THE Zimbabwe dollar has continued to depreciate in 2024, with traders in some areas now refusing to accept the local currency, while parallel market exchange rates have been differing across the country The NewsHawks reported.
This has been happening amid fears of renewed hyperinflation.
Latest statistics by United States-based applied economics expert Professor Steve Hanke using his own measure have shown that Zimbabwe now has the highest annual inflation in the world pegged at 1 347%, while monthon-month inflation is pegged at 34.8%.
Findings by The NewsHawks survey in Makonde rural district have shown that traders are not accepting the local currency, saying that it makes it difficult for them to restock on goods.
Other retailers cried foul over the volatility of the local currency.
“I do not accept payments in local currency because exchange rates are always changing every day. Thus, I restock from Harare and I do not travel to Harare regularly. It is either once or twice a month, therefore if I accept local currency payments, by the time I travel to Harare for restocking, the money would have lost value,” said Nelia Kuziva, a trader.
Some retailers in Murewa have also been refusing payments in local currency. For instance, at Chigori Farm township in Murewa district, Mashonaland East, informal traders said the local currency does not have value in the area.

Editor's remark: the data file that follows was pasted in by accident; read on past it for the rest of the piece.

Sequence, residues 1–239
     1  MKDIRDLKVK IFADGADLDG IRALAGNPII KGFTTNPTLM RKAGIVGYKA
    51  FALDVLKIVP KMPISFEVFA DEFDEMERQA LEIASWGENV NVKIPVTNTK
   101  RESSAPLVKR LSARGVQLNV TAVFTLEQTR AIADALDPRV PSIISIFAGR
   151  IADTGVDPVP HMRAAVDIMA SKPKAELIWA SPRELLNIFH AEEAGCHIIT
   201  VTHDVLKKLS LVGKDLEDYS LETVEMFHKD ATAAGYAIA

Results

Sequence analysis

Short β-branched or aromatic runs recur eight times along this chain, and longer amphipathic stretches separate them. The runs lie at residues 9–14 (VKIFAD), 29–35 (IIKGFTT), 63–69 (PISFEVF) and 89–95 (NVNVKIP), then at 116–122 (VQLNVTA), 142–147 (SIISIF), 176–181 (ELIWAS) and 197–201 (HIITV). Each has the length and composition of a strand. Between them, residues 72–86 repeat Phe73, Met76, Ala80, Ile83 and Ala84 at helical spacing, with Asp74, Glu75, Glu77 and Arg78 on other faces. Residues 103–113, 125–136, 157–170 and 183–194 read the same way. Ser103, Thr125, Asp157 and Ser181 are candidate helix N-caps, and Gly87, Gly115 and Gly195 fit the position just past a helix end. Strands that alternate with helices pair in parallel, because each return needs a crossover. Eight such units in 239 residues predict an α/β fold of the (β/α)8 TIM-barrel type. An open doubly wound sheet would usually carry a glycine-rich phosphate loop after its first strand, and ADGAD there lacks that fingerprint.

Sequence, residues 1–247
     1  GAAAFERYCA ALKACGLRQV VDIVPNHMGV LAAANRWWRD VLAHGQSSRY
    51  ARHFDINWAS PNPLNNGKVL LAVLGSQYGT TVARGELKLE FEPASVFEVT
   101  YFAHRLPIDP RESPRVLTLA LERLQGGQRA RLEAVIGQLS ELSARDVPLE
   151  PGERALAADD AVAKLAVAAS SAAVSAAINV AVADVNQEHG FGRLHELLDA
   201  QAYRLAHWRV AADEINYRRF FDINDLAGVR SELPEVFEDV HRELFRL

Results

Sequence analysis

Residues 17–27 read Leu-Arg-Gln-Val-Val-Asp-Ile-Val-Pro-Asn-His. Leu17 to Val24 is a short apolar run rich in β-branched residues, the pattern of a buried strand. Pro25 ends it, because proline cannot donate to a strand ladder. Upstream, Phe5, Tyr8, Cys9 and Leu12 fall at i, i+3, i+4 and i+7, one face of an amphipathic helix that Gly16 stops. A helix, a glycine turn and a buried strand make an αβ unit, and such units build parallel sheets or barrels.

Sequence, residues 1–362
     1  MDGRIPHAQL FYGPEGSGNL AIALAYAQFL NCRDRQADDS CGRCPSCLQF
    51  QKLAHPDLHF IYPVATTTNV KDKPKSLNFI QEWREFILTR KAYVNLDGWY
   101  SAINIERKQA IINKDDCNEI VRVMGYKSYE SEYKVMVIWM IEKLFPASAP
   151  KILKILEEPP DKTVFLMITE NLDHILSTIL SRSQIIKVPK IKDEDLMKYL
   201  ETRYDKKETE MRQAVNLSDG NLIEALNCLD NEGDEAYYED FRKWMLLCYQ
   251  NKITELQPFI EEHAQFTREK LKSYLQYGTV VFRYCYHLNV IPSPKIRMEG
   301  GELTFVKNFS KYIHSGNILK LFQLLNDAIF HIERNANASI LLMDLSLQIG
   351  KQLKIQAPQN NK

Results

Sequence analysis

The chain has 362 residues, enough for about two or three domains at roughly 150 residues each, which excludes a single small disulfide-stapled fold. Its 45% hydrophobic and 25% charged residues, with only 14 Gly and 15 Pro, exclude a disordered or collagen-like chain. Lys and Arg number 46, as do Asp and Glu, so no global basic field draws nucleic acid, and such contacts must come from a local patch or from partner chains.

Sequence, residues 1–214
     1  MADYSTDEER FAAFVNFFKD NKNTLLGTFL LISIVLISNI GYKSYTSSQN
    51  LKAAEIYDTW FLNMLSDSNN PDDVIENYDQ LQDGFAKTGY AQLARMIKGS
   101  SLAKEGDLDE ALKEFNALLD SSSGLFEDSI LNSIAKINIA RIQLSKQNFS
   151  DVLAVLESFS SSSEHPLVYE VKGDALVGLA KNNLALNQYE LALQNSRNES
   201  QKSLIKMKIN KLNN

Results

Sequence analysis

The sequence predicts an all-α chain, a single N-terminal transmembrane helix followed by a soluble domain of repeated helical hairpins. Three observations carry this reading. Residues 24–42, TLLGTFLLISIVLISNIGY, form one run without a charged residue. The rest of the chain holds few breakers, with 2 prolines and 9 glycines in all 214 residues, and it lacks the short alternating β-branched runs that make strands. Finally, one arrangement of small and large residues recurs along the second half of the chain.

The NewsHawks’ survey also revealed that informal sector exchange rates are differing in various places across the country.
For instance, while in Harare US$1 is equal to ZW$4 000 for cash and ZW$12 000 for electronic payments, the same is pegged at ZW$5 000 for cash payments and US$14 000 for electronic payments.
Bulawayo, on the other hand, has been using South African coins to ramp up the depreciating currency, with US$1 equal to R17, or ZW$14 500 for electronic payments.
The local currency has been in freefall since last year, shedding record values against the greenback in 2023.
In the third quarter of 2023, the Zimbabwe dollar continued to weaken, losing 15.7%
of its value against the US dollar to close the month of September at US$1:ZW$5 466.75, according to an economic report produced by the Zimbabwe Coalition on Debt and Development (Zimcodd).
In December 2023, economist Dr Prosper Chitambara told The NewHawks the exchange rate is likely to be further pushed by El Niño weather conditions that are likely to see a diminished agricultural output, putting pressure on the local currency.
“The fact that most people have lost confidence, I think that is going to put a lot of pressure, even next year, on the exchange rate. And also, next year, given that there is El Niño, this could result in diminished agricultural production, which will affect pricing, government spending, and imports,” Chitambara said.